“It’s time to toss out the traditional LTL contract and impersonal RFP,” says Moore. “Both the shipper and the carrier need to envision themselves sitting across the table from their mutual challenges.” The objective, adds Moore, is for both parties to share the benefit of optimized costs and improved service. What’s not to like about that?

About the Author

Michael Levans
Group Editorial Director

Michael Levans is Group Editorial Director of Peerless Media’s Supply Chain Group of publications and websites including Logistics Management, Supply Chain Management Review, Modern Materials Handling, and Material Handling Product News. He’s a 23-year publishing veteran who started out at the Pittsburgh Press as a business reporter and has spent the last 17 years in the business-to-business press. He’s been covering the logistics and supply chain markets for the past seven years. You can reach him at .(JavaScript must be enabled to view this email address)

Subscribe to Logistics Management magazine

Subscribe today. It's FREE!
Get timely insider information that you can use to better manage your
entire logistics operation.
Start your FREE subscription today!

Recent Entries

Seasonally-adjusted (SA) for-hire truck tonnage in October at 135.7 (2000=100) was up 1.9 percent compared to September’s 133.1, and the ATA’s not seasonally-adjusted (NSA) index, which represents the change in tonnage actually hauled by fleets before any seasonal adjustment was 139.8 in October, which was 0.9 percent ahead of September.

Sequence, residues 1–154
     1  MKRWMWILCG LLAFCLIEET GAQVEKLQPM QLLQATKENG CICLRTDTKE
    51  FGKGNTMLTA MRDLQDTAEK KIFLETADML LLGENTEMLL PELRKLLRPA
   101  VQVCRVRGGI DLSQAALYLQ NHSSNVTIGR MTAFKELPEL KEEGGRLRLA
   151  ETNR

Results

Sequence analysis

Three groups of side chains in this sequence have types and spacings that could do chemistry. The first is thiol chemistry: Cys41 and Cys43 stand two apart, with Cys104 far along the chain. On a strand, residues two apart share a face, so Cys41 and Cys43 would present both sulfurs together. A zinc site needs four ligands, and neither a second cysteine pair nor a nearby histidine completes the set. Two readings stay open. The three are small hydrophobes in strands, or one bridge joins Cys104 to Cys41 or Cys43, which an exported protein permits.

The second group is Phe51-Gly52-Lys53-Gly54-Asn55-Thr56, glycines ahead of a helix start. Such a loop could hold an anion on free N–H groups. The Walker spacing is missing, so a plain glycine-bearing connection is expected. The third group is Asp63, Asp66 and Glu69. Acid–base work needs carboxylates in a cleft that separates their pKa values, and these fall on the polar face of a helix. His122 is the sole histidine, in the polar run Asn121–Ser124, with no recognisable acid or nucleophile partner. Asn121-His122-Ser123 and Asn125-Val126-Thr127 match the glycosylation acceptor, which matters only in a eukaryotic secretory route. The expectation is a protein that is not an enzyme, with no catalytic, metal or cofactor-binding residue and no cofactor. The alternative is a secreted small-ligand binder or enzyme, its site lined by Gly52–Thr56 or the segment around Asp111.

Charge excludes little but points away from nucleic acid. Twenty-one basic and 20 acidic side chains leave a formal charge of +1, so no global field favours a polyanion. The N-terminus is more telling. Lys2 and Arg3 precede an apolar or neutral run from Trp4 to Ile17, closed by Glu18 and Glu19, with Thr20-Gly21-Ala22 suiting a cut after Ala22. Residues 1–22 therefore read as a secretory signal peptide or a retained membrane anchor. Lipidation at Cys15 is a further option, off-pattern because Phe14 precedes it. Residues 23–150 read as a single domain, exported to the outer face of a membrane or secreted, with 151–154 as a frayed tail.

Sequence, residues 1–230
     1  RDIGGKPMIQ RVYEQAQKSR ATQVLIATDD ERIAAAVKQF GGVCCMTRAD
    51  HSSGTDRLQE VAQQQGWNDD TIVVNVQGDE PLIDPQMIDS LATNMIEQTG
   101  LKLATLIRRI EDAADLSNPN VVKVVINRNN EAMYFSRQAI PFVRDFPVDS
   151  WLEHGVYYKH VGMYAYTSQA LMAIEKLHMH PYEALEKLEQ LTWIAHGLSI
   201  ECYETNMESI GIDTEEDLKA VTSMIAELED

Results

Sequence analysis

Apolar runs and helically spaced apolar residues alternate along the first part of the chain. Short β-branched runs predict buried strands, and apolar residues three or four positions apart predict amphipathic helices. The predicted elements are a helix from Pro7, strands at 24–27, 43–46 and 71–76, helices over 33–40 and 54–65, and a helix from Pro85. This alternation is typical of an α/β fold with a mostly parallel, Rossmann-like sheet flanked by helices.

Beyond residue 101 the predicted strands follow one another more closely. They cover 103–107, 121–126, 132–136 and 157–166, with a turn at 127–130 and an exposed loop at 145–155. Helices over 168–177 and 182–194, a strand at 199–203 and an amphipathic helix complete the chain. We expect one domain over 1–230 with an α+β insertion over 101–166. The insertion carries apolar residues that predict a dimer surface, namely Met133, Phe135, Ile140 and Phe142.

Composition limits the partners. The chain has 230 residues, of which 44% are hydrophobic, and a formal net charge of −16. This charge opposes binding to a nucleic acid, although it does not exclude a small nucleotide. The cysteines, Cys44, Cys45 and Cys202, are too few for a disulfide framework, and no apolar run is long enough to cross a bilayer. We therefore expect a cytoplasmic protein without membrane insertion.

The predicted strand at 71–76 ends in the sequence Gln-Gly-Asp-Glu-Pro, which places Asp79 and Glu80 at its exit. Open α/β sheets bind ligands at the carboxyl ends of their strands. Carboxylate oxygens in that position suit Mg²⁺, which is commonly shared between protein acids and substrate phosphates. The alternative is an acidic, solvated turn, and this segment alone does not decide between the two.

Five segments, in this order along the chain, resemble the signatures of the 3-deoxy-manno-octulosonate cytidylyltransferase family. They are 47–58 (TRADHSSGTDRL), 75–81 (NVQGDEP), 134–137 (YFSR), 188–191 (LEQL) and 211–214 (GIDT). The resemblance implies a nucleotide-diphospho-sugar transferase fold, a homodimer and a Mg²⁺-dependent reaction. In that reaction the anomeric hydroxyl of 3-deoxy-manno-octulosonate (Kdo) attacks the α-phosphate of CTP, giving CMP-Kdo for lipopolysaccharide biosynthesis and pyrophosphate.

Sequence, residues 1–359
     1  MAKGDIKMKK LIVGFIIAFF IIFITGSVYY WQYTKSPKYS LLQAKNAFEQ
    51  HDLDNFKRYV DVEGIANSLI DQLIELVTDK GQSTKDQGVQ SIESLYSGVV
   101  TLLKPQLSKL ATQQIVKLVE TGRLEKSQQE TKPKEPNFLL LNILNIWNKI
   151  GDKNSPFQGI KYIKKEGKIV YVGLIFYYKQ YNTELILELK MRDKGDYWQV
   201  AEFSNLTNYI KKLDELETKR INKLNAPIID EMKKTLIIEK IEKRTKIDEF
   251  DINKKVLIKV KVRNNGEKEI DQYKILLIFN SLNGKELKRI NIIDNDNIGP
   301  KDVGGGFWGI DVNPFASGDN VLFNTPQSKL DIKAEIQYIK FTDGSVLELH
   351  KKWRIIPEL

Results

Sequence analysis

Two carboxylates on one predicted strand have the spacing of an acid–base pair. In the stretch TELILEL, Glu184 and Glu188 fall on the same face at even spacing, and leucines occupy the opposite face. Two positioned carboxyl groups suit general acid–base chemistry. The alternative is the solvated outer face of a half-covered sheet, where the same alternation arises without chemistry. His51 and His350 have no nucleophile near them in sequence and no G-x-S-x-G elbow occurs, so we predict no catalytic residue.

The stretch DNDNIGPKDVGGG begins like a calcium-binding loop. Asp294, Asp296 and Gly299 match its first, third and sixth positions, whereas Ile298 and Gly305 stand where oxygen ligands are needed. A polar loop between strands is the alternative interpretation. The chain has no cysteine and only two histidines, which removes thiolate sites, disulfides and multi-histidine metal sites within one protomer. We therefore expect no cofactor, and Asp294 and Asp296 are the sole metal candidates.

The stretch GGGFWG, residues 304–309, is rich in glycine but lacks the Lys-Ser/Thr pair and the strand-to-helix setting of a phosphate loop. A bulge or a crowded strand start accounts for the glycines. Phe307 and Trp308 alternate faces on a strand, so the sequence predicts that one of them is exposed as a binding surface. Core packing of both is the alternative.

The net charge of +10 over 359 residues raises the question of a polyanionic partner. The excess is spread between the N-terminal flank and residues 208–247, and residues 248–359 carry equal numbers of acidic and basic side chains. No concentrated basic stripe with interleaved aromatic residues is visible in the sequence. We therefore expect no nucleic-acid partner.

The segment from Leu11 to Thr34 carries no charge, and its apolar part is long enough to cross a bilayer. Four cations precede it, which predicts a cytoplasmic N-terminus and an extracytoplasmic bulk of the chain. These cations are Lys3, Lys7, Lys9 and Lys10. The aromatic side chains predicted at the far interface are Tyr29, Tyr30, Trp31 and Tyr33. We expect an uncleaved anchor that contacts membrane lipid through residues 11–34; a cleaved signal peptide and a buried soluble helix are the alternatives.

The average price per gallon of diesel gasoline fell 3.7 cents to $2.445 per gallon, according to data issued today by the Department of Energy’s Energy Information Administration (EIA). This marks the lowest weekly price for diesel since June 1, 2009, when it was at $2.352 per gallon.

In its report, entitled “Grey is the new Black,” JLL takes a close look at supply chain-related trends that can influence retailers’ approaches to Black Friday.

This year, it's all about the digital supply network. In this virtual conference, we will define the challenges currently facing supply chain organizations and offer solutions designed to transform linear operations into dynamic, automated networks that offer seamless communication, visibility, and the ability to respond and optimize processes at any given time.

In his opening comments assessing the economy at last week’s RailTrends conference hosted by Progressive Railroading magazine and independent railroad analyst Tony Hatch, FTR Senior analyst Larry Gross said the economy continues to slog ahead at a relatively tepid pace, coupled with some volatility in terms of overall GDP growth. And amid that slogging, Gross said there is currently an economic hand-off occurring between the industrial sector and the consumer sector.


Post a comment
Commenting is not available in this channel entry.

© Copyright 2015 Peerless Media LLC, a division of EH Publishing, Inc • 111 Speen Street, Ste 200, Framingham, MA 01701 USA